Tuesday, July 29, 2008


I have been noticing that several sewing bloggers have been making new covers for their ironing boards. I have had my board for twenty years and had always bought covers for it, but lately I wanted something prettier than the ready-made ones. Since I had bought fabric last year specifically for a cover, I thought now was a good time to make a new one since I couldn't stand looking at the old one.

I first marked the edged of the surface on the old cover while still on the ironing board. This was so I could make my pattern from it. I then took the cover off the board and cut along the marked line. This line was only to indicate the shape of the board and not take any other dimensions into account.

I then made a pattern by first marking the center of the cover on a long piece of paper, and placed the old cut cover folded in half on the paper along the center line. I then marked reference lines along the edge of the cover to get the board shape on half the paper, removed the cover and then marked the surface lines and added 2.5 inches all around the pattern for lapping over the edge of the board. Then I folded the paper in half along the center line (which is also the grainline) and cut my pattern.

Since I was using a stripe for the new cover, it was easy to line up the center grainline with a stripe. I used 1 1/2 yards of fabric for the cover. Since the fabric was 54" wide, I have enough for another cover.

My board also needed new padding. I had some very old wool blankets which I have been saving and had hoped to use to make a large pressing surface. Since such a surface is not in my near future, I placed one of the blankets over my ironing board, marked the surface with a water soluble marking pen and cut around it leaving about 1 1/2 inches to cover over the edges of the board. I still have one whole blanket left plus half of the one I used, so someday a larger pressing surface will happen.

I had purchased two packages of double fold bias tape to finish the edges of the cover. Since one edge of the tape is wider than the other, I placed the wider edge underneath the cover fabric edge and the smaller edge on top and sewed in place using my top-stitching foot.

Past covers have had a tendency to move and one side the finished edge of the cover ended up at the edge of the board and not underneath the board where it belonged. I decided to add a couple ties to hold the cover in place underneath the board. I used the leftover bias tape, sewing the tape closed, cut four ties from it and attached them to the cover at the point just after where the curve of the narrower end of board ended and again about 10 inches from the square end of the board.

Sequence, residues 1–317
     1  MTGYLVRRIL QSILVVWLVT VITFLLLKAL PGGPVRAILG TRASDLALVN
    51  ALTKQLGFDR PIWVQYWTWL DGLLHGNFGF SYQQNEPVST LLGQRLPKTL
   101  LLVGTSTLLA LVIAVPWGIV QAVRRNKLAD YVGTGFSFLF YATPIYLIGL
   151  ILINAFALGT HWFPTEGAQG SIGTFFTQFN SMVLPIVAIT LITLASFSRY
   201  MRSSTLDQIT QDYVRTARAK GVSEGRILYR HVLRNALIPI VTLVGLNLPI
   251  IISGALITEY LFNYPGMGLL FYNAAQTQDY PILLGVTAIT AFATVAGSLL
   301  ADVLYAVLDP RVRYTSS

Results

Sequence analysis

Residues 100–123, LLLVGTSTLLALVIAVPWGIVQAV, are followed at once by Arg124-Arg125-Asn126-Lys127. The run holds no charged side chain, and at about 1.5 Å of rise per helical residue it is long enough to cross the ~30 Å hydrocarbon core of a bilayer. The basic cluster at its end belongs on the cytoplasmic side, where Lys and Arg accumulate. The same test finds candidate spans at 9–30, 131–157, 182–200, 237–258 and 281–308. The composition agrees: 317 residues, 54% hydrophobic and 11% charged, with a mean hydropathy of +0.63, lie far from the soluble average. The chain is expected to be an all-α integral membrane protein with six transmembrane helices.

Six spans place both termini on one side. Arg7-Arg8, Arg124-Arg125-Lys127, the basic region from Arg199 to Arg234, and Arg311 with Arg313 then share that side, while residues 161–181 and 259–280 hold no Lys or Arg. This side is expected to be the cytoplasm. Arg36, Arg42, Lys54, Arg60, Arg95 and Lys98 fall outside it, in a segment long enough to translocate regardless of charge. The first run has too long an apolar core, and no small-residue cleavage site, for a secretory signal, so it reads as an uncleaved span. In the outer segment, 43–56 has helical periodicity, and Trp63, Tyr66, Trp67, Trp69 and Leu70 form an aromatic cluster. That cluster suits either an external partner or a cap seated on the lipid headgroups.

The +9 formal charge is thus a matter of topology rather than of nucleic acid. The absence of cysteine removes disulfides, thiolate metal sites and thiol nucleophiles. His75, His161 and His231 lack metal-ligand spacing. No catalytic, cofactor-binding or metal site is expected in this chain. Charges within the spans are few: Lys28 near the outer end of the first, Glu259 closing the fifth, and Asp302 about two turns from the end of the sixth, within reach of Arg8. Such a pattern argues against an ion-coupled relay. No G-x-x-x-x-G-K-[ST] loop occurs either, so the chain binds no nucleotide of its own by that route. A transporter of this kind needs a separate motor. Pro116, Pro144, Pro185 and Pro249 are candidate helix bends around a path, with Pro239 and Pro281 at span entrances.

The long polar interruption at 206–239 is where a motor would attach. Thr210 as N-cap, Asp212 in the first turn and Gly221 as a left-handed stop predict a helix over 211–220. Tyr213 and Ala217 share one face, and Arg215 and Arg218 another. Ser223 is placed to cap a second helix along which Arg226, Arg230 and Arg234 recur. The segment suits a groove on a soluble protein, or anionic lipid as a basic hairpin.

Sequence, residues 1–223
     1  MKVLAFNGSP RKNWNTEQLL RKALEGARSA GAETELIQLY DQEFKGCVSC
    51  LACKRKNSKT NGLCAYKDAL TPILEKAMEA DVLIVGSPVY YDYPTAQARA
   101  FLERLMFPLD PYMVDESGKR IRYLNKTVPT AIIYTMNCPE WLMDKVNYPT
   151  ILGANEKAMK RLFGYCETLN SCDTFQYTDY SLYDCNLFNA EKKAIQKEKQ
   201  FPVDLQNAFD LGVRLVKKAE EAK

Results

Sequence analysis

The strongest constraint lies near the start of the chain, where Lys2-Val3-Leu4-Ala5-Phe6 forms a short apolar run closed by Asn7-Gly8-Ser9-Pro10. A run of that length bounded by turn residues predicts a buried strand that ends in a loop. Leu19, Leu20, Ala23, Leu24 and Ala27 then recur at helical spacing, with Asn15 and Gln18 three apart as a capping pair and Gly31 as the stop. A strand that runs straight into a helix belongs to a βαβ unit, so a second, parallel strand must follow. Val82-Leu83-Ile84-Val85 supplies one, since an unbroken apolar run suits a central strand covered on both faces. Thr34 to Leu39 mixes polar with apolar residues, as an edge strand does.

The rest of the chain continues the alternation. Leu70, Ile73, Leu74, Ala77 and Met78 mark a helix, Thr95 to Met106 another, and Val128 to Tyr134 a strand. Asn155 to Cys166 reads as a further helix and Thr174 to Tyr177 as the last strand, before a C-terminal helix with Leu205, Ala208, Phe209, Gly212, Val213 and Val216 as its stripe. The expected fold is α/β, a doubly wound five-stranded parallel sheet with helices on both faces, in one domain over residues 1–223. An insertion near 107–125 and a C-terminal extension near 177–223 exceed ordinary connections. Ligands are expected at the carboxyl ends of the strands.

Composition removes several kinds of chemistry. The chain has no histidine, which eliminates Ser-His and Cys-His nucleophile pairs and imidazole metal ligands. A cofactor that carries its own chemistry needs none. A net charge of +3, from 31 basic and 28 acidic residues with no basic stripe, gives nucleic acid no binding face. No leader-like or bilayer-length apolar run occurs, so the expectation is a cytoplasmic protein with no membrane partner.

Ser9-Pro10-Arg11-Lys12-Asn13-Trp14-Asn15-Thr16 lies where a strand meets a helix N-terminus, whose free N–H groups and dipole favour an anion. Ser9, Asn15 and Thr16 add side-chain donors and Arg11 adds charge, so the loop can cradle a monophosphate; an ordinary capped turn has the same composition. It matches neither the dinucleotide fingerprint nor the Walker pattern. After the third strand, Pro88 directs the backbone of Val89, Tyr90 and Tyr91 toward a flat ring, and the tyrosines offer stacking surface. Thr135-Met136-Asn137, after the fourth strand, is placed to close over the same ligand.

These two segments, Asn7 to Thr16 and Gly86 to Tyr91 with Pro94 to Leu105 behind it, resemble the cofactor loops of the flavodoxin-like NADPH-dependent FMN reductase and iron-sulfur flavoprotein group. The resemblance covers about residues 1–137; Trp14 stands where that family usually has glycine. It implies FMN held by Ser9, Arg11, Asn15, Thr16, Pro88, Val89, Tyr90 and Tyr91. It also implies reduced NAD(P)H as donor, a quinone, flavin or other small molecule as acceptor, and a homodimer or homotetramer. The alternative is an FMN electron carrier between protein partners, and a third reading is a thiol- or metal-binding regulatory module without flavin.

I marked the points where I wanted the ties, sewed them down, the folded them over and sewed them again, covering the unfinished edge and securing them in place.

I then took a bodkin and ran a cord through the casing created by the bias tape around the edge of the cover.
Then I adjusted the cording by tightening it around the board and tied the ties under the board.

Voila! Now I have a new cover and my only regret is that I didn't make one sooner.

By the way, the new SewStylish came today. I do like it and many of the clothes are based on Simplicity 2816. I think the styles are aimed at sewers in their 20's, but there is a lot of good, basic information in this issue. There are loads of ideas and inspiration along with a pull-out section on draping. Amber Eden also stated that this will be the last issue which she is editor, but there will be other issues. I just hope she stays with Threads since there has been so much improvement since she came to the magazine.

Saturday, July 5, 2008

One Pattern, Two Jackets

I am amazed at the people who are constantly sewing and reviewing their latest creations. I barely have time to sew, but envy those that churn out new pieces on a regular basis. Rather than dream about creating new clothes, I decided I just need to do it. One thing that holds me back is the fitting process. Once that is out of the way, things usually move along at a good pace. I guess I'm much more motived once I have a pattern I am comfortable sewing.

Last year I made Burda 8433 for the PR 2007 SWAP in black linen. I really liked the way this jacket looked and sewed up. My present wardrobe needed a casual jacket other than my denim one and this pattern was just what I needed to fill in the gap. This time I added the collar and cuffs which were not included on my jacket last year. In both cases, I left off the front faux pockets since I think the design is busy enough. Since I am not allowing myself to purchase any more fabric for now (we'll see if I stick with this plan) I shopped my stash and came up with a bottom weight cotton in burnt orange. This color is a great contrast to many of my tops and bottoms in my summer wardrobe. I decided to emphasize the top-stitching by using a white thread and adding white buttons from the button stash to give the jacket more of a summer feel. Since I had fitted this jacket last year, the construction time went much faster than if I had never used this pattern. I finished this jacket last week and have already worn it three times. Something tells me that I will be using this pattern again when the right fabric in my stash speaks to me again.